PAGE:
Where has Bill Fay been all my life? It’s a serious question that I hope one day to have all the answers to. For now, I’m stuck with this amazing album that seems to have come out of nowhere with nothing to do but smile and be grateful. From 1967 to 1971, Fay was a working singer/songwriter in England who put out two records that didn’t sell at all. After being dropped from his label, he fell into obscurity. The only work he had done was about half a record worth of demos for the follow up to Time Of The Last Persecution. Luckily there were some people who discovered his records years after their release and have been singing Bill Fay’s praises for years-most notably a gentleman some may know named Jeff Tweedy.
Tweedy can be heard singing “Be Not So Fearful” during the documentary I Am Trying To Break Your Heart, and Wilco have covered the song many times at shows. As payback, Fay sings a beautiful cover of Wilco’s “Jesus, etc.” and Tweedy joins him to sing a verse on the song “This World.” Despite well-known and intelligent songwriters like Tweedy and Will Sheff talking him up, it wasn’t until now more than 40 years after his last record, that Fay returned to the studio to record an album.
I think Life Is People speaks for itself as to why come back now? Why bother recording again if you haven’t had anything to say for forty years? Bill Fay does have something to say, and he knows that he won’t be here forever. He deals a lot with familiar themes that others touch on all the time, but there is an urgency to this album. Fay needed to say all these things before it’s too late. In that way it reminds me a lot of Dylan’s Time Out Of Mind and Warren Zevon’s The Wind. We all know Zevon passed away just a couple weeks after that album’s release. Dylan found himself in the hospital right before his album came out, and I remember feeling for the first time in my life like someone outside of my family’s death might have a deep impact on me. There was something about both of those albums; like the writers knew their time was up (of course Zevon really did know).
It’s with this same point of view that Fay brings us Life Is People. It’s on one side an affirmation of life and the beauty constantly surrounding us. On the other is the acceptance that at any moment it could all end.
Fay’s voice is older and sometimes struggles to get the words out. He’s been matched up with his old drummer Alan Rushton and Ray Russell, who played with him on Time Of The Last Persecution. He’s also joined by some great studio musicians out of England like Matt Deighton, who’s worked with Oasis, and keyboardist Mike Rowe. The backing band provides a comfortable foundation for Fay to stand on while he delivers the brilliant lyrics he’s written.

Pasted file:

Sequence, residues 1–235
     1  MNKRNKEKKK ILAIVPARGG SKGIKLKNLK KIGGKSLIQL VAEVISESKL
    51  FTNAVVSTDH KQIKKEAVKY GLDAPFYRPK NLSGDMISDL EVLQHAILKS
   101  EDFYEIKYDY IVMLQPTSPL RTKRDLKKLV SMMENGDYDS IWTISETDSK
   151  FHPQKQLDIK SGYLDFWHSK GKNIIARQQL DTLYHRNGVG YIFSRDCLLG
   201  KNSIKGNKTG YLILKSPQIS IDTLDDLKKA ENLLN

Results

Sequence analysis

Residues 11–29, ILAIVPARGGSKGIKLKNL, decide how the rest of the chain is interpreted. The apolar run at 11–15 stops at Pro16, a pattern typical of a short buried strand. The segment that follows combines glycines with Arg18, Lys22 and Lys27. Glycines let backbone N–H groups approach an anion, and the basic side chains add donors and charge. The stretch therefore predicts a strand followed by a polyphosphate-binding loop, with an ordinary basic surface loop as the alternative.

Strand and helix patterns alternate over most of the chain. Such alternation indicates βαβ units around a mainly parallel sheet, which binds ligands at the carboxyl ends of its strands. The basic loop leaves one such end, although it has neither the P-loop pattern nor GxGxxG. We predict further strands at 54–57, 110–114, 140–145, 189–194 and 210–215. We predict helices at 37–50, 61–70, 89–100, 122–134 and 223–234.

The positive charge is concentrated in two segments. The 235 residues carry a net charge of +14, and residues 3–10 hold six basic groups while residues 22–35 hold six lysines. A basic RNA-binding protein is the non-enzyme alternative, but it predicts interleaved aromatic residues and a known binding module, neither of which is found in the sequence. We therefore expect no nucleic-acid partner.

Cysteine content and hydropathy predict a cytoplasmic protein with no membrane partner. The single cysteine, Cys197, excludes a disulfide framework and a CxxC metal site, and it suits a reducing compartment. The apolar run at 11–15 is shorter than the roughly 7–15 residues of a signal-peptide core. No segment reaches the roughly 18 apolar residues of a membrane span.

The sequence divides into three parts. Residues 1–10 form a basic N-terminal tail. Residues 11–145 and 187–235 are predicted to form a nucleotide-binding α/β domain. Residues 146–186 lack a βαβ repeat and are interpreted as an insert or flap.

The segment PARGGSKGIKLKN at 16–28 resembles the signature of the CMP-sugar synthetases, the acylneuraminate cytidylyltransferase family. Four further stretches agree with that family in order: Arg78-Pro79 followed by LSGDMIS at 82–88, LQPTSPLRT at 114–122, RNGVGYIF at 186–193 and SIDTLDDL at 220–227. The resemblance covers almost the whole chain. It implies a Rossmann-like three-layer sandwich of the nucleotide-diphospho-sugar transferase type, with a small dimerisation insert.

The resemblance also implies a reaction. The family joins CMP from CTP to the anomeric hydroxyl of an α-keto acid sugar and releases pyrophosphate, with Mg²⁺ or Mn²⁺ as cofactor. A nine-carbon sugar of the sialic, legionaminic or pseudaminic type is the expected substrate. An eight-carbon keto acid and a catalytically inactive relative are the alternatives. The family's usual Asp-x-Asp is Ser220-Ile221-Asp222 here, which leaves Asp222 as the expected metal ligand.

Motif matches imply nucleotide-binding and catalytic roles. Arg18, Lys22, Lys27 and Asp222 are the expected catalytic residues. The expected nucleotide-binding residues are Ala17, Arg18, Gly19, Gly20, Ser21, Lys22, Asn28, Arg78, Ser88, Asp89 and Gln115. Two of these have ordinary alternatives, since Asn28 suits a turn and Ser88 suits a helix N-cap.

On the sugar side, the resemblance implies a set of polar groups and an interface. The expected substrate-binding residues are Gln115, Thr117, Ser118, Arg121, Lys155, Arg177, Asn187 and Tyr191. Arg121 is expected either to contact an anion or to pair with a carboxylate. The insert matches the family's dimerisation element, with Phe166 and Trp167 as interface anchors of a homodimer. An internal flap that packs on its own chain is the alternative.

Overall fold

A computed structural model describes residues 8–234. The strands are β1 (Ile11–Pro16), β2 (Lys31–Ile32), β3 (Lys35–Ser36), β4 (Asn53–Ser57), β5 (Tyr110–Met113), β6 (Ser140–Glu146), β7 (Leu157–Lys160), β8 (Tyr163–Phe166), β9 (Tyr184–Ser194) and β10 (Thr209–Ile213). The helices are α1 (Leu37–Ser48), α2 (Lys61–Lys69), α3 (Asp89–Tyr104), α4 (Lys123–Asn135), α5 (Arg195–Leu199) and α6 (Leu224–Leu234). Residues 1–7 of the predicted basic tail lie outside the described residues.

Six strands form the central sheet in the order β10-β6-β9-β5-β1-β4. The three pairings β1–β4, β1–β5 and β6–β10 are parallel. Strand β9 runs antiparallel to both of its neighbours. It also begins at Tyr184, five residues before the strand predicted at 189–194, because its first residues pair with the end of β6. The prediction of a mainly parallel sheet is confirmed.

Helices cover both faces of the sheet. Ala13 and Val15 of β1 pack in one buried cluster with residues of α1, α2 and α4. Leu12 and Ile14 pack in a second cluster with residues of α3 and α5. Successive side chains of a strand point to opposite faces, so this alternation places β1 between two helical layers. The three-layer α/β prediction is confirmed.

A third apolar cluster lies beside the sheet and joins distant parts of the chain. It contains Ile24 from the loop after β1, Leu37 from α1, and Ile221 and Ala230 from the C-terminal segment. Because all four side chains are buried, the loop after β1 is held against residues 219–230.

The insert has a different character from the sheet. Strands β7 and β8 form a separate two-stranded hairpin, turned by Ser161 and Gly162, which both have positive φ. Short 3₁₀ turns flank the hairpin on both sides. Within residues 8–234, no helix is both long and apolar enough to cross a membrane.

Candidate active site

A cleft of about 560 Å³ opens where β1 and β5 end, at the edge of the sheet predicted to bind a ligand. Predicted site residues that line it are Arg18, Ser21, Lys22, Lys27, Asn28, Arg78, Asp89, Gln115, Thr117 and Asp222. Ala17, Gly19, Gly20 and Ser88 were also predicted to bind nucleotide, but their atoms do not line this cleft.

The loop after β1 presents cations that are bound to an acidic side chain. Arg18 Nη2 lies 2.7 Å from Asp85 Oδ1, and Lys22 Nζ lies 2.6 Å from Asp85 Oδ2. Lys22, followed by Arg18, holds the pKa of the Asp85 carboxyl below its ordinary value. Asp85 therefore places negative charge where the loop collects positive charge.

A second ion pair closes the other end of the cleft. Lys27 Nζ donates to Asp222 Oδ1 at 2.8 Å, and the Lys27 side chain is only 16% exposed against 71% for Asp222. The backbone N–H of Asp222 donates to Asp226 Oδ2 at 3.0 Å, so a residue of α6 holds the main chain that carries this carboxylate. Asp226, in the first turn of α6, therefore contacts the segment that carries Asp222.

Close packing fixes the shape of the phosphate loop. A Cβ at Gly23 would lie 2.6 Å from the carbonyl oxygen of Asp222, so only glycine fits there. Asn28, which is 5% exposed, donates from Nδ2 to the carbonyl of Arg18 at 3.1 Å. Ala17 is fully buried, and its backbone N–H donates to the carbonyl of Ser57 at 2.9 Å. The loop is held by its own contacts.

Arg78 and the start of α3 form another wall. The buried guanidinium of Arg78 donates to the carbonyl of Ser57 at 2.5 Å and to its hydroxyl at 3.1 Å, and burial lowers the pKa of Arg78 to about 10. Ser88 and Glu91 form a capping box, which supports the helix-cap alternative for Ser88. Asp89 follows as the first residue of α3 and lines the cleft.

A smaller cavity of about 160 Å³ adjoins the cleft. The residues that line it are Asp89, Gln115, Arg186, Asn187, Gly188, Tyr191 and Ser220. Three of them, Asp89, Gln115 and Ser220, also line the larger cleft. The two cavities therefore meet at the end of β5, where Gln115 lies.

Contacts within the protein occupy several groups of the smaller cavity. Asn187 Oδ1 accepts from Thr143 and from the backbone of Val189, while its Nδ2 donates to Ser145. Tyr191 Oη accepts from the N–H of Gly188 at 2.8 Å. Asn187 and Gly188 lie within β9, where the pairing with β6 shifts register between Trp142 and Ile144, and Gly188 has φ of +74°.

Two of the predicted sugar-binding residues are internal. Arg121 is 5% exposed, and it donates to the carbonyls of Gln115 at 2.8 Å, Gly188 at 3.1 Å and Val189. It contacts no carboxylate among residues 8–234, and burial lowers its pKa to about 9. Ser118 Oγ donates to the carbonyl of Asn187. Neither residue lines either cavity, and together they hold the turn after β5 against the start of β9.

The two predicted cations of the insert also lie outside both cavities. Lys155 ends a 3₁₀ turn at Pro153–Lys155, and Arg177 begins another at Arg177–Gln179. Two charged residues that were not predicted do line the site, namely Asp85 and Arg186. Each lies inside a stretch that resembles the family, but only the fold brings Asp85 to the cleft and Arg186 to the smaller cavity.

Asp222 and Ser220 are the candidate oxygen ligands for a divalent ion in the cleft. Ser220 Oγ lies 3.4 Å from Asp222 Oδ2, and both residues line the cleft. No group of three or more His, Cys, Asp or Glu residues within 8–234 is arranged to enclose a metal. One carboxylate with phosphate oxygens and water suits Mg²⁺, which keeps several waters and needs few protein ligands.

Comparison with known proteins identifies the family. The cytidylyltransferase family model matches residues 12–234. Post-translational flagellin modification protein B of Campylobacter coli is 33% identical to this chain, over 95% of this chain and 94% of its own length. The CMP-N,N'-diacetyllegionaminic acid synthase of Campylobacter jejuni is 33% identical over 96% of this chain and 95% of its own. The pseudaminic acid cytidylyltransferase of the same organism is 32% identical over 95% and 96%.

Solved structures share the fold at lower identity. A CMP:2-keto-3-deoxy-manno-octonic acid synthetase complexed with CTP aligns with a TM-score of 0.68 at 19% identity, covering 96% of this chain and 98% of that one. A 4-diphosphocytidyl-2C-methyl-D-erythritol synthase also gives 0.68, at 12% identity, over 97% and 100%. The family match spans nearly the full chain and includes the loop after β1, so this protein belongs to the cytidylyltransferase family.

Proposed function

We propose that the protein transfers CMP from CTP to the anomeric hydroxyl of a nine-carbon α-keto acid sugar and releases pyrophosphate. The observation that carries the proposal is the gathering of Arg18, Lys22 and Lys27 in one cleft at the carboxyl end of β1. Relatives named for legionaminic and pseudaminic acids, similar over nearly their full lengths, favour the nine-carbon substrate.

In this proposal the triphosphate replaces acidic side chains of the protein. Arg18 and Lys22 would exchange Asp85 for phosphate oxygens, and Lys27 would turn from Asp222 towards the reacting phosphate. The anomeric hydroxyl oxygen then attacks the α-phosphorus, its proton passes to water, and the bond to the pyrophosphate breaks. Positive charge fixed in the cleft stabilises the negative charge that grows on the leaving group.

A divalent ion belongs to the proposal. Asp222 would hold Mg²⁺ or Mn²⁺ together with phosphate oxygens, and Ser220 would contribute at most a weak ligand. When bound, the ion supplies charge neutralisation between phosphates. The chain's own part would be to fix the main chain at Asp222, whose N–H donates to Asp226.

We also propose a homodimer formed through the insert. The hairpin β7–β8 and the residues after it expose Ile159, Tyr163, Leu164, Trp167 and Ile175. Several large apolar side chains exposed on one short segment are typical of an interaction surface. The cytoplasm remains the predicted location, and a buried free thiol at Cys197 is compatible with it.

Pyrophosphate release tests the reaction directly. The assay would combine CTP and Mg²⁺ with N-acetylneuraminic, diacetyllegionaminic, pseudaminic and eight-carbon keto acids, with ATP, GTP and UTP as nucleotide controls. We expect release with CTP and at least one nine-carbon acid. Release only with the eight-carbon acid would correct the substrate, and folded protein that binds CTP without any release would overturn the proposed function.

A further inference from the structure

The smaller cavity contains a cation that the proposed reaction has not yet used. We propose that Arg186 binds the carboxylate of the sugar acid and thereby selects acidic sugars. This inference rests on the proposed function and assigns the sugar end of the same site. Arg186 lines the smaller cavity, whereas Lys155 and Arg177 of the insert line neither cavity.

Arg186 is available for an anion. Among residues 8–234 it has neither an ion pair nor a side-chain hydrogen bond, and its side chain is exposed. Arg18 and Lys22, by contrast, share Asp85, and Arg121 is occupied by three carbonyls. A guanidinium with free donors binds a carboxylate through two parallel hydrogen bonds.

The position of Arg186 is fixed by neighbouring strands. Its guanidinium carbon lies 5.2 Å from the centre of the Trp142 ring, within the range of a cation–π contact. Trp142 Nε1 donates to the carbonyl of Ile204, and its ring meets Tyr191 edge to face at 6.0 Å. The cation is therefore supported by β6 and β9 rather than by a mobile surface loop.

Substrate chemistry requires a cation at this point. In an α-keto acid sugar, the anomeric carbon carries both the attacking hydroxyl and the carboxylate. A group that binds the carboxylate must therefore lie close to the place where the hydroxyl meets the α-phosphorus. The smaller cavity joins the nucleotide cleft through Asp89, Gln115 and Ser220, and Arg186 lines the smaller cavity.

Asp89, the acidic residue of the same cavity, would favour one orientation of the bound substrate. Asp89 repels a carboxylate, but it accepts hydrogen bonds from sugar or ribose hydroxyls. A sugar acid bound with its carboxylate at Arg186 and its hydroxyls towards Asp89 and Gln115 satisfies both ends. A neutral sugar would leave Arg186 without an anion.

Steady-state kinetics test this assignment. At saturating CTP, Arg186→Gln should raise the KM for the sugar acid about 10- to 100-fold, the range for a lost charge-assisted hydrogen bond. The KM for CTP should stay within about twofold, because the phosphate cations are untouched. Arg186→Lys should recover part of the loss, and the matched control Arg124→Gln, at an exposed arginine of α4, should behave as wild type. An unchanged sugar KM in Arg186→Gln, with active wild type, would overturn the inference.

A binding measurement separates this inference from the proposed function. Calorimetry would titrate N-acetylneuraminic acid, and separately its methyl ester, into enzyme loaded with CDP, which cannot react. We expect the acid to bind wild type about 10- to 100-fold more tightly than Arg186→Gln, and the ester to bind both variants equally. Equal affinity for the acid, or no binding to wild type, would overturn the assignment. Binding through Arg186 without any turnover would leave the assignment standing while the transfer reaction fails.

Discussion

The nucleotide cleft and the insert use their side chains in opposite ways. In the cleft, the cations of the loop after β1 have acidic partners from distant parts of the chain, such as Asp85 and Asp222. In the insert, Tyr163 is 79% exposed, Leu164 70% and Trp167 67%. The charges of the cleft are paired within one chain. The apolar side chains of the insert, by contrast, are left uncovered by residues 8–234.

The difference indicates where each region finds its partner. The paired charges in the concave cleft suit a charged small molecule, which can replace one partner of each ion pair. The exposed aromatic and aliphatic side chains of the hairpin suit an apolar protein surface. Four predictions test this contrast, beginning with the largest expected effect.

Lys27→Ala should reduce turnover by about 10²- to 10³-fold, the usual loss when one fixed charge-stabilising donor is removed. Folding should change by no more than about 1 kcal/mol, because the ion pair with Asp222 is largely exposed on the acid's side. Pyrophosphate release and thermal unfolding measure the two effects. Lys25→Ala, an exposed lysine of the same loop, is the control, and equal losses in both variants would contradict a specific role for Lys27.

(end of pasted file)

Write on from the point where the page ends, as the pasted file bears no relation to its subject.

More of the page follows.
“Be At Peace With Yourself” gives us the best peek behind the curtain as Fay tells us everything he needs to say in a sweet, gospel-like tune. His message is clear as day-live every day like it’s your last. Be good to everyone and try to make the world a better place than when you got here. “At the end of the day, ain’t nobody else gonna walk in your shoes quite the way that you do. So be at peace with yourself, keep a spring in your heel. Keep climbing that hill.”
That song comes just before the crown jewel of the record-Fay’s version of “Jesus, etc.” It’s a stripped down vocal and piano version that rips away all the added production and gives us one of the best-written songs of the last 20 years. The deep, scratchy vocals only add to the somber keys. The way Fay holds out the words “Don’t cry” in the second verse kills me every time.
The words in “Cosmic Concerto” sum up Fay’s outlook on life pretty well: “Like my old dad said, life is people, life is people. In the space of a human face there’s infinite variation. It’s a cosmic concerto, and it stirs my soul.”
I really can’t speak highly enough of Life Is People. My only regret is that Fay hasn’t been making music this whole time. Who knows how many great songs we may have missed out on…but maybe nothing inspired him until now. Maybe this is the culmination of his life that he’s given to us. If so, it was a life well lived. Hopefully we will hear from him again, but if this is the last music Bill Fay makes, his legacy will remain solid as a rock.
I leave you today with Bill Fay’s words: “It’s time to leave and say goodbye. At least for now. You fought the battle most of your life, and you still fight it now. Soon you’ll be leaving for the coast, but it’s a coast no man can tell. It’s the end of life on this earth, and my brother I bid you fare thee well.”